The Annoying Reason You May Want To Avoid Wasting Money On 'TSA Approved' Locks

We all know how strict TSA can be with carry-on luggage, but behind the scenes, the agency is scrutinizing your checked baggage, too. According to TSA's website, about 1.3 million checked bags are screened every day in the U.S., and part of this screening can involve physical inspections. TSA-approved locks are recommended for traveler suitcases to simplify this process, though security officers don't actually treat these locks differently than other types.

The concept behind TSA-approved locks is simple: Unlike regular ol' locks, TSA-friendly ones can be unlocked using a universal key that inspectors supposedly keep on hand. That means that TSA can open your luggage if needed without breaking the lock or causing any damage to your bag. Unfortunately, this isn't always the case. The organization has the right to remove or forcibly open any lock that impedes safety screenings.


TSA Approved Locks are a SCAM ‼️#Travelwiththeharmony

♬ original sound – Harmony

Redditor u/KTeax31875, who purports to be a TSA agent, confirmed this in a Reddit thread, saying, "Sometimes if the master key can't open it, we have no choice but to break it." A former baggage handler who posts under the handle @travelwiththeharmony on TikTok also admitted that agents may cut TSA-approved locks if they can't find the universal key and are short on time.

The locks don't always stop thieves

Another reason why TSA-approved locks could be a waste of money is that besides TSA personnel, ordinary people — or, you know, thieves — could also break into your suitcase. In 2014, the Washington Post published photos of TSA's universal keys on its website, which inadvertently allowed people to 3D-print their own set based on the images. The original photos have since been removed, but the files for the 3D prints remain online.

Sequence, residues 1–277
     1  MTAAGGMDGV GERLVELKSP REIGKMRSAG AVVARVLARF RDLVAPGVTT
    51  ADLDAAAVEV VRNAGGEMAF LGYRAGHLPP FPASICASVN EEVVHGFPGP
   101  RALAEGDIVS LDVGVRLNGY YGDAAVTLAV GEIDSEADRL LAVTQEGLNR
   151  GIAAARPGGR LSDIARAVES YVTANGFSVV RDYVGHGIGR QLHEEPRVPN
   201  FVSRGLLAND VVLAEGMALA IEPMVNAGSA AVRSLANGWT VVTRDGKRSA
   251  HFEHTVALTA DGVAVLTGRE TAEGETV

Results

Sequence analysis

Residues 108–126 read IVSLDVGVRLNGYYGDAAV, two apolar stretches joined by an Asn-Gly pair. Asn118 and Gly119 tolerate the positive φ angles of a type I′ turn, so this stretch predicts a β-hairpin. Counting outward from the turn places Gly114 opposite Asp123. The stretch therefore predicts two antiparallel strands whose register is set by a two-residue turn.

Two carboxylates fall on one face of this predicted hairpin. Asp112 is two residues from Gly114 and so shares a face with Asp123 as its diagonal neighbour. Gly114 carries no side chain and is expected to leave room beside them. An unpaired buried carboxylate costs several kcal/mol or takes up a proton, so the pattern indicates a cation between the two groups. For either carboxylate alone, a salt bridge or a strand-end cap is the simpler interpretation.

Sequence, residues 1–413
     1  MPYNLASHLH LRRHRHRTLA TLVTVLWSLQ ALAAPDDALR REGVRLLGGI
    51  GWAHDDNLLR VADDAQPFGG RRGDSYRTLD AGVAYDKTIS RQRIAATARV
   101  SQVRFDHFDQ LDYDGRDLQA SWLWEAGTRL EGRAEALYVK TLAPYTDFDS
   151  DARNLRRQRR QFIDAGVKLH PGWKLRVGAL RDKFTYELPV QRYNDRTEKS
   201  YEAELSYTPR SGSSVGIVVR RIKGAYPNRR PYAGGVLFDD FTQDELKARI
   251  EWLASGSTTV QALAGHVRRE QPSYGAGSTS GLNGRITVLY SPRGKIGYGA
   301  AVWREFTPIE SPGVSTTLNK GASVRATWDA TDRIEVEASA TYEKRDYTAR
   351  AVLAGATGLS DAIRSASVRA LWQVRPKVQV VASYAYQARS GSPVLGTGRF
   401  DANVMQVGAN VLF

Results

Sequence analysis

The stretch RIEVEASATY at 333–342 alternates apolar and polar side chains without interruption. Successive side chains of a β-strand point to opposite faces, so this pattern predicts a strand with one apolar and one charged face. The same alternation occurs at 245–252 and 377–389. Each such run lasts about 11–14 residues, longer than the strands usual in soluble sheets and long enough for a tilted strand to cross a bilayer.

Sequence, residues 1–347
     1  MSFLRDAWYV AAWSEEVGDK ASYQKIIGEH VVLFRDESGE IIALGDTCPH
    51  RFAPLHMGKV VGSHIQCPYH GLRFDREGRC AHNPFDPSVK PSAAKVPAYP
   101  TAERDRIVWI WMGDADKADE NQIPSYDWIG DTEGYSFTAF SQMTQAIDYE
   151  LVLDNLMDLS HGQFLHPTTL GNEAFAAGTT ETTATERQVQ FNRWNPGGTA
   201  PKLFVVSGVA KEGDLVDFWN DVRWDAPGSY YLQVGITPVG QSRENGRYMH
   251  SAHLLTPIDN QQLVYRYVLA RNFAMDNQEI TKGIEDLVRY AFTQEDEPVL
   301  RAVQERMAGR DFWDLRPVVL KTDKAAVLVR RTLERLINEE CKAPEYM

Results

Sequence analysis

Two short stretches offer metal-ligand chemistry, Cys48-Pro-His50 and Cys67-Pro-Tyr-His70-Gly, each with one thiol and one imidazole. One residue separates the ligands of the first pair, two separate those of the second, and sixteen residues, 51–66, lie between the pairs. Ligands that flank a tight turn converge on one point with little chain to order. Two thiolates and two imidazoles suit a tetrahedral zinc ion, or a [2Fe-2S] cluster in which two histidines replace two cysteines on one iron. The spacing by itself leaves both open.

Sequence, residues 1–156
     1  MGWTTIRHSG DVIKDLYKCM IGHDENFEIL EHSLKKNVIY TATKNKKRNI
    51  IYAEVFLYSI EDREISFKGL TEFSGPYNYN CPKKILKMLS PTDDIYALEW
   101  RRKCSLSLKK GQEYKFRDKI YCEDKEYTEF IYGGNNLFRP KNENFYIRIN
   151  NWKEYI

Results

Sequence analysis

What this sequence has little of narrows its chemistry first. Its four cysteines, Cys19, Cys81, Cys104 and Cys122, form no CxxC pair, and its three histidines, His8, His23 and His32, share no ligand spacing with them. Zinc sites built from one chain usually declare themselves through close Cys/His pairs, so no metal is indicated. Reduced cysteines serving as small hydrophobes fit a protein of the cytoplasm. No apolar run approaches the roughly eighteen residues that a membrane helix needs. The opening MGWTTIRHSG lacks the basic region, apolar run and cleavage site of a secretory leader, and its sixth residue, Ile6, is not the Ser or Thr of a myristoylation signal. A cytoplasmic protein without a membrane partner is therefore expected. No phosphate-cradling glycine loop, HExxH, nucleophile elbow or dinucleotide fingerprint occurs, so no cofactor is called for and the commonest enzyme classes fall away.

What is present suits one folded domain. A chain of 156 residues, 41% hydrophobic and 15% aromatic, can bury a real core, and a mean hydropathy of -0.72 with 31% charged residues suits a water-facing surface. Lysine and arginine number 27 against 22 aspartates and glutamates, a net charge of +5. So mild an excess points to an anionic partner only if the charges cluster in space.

If your lock comes with a combination, a thief could also crack the code through a few common strategies. For instance, they could simply turn each dial until they click, which will eventually trigger the lock to open. Alternatively, a criminal could use a safety pin or other small object to pick the lock.

Finally, luggage can be broken into even if the zippers remain locked in place. Content creator @millennialwealthsarah demonstrated on TikTok how easily zippers can be punctured using just a pen. And, in many cases, the suitcase can be zipped back up after the thief has pilfered through your stuff, so you won't even suspect any damage has been done until you arrive home.

How to protect your belongings when traveling

There's no need to swear off TSA-approved locks for future trips. Rather, it's good to keep in mind that these protective devices — and any other store-bought ones — aren't foolproof. The best way to protect your prized possessions when traveling is by keeping them in your carry-on bag. Jewelry, electronics, and any items that may be hard to replace (such as prescription medication or a small family heirloom) should be kept with you at all times.

To protect any belongings that must be screened, consider adding some security besides a standard lock. The twist tie hack for securing luggage is one simple way to deter thieves, as are zip ties placed on your zippers. Just like with locks, TSA agents will break the ties if they need to get inside your suitcase, but if you keep a stash of extra ties inside, there's a good chance they'll replace the broken tie for you.

Finally, remember to always pack an extra lock when traveling. If your TSA-approved lock gets cut, it'll be useless during your flight back home. Keeping a spare lock in your bag can give you peace of mind during any future leg of your trip.